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IDIC: Language Shifts Over Time

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Over the course of our lives, the language we use will change. New words will be concocted, old words will take new meanings, and words will fall out of common parlance. These shifts are natural, no matter how much a language tries to cling to its purity.

While words like jargogle are relatively harmless whether they’re in common parlance or not, some words can cause great harm. Slurs, whether they were used a century or a decade ago, should be shifted out of language.

A common example is gypsy, which is a slur against the Romani people. Derivatives of this word are generally associated with theft, cheating, lying, and stealing. Language campaigns to remove it, however, are often met with resistance.

The same principle applies to many other harmful terms, and it shouldn’t. Words come in and out of common usage all the time. For example, google was not a verb two decades ago, and yet it’s one everyone knows now.

However, there are many reasons people use for not changing their vocabulary as culture shapes the language. Reasons like “it’s been that way since I was a child,” “I don’t mean it like that,” and “I don’t understand, so I’m not going to” are all common reasons given.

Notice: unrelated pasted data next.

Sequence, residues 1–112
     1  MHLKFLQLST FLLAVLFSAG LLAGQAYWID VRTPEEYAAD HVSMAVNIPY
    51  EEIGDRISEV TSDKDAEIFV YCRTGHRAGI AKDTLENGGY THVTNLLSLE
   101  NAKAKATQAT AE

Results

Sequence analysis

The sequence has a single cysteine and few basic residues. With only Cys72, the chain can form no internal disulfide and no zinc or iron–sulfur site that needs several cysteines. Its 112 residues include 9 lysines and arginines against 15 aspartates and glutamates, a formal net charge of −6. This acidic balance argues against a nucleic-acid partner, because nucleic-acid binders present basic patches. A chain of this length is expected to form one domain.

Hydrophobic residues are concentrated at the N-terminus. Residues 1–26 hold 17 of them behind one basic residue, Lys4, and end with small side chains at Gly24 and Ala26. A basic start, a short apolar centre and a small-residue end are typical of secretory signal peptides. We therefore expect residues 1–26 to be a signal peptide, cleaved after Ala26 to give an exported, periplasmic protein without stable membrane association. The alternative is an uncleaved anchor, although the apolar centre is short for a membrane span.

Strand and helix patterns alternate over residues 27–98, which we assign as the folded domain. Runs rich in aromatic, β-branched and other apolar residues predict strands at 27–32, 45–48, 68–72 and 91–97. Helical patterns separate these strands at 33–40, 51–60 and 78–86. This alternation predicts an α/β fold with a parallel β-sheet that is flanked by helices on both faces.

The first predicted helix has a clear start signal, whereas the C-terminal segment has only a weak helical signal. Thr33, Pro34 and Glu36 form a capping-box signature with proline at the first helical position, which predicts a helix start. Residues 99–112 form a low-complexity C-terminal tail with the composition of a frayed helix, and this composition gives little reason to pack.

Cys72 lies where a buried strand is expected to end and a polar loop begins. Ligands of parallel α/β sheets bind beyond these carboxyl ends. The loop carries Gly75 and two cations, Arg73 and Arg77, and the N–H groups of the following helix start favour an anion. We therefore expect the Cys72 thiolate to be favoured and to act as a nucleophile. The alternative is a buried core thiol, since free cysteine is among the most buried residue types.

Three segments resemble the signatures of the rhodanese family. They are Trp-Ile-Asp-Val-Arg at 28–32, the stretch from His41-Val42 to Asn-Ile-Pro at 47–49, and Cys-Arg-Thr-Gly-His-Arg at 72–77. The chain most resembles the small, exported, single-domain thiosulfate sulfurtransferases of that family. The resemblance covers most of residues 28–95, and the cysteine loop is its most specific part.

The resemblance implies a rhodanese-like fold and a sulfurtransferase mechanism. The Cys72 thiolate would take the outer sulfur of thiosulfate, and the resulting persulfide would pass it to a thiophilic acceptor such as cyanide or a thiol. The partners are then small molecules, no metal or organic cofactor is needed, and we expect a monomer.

Language matters, and using harmful language hurts the people around us. So it’s in all of our best interests to retain some flexibility in our vocabulary so we can evolve as we need to fit the present.

Shifts in language over time are natural, and removing harmful words from common discussions should be the standard, not the exception. The change may seem odd at first, but it benefits both us and society to see it through. Who knows, we may even find new favorite words to enjoy.

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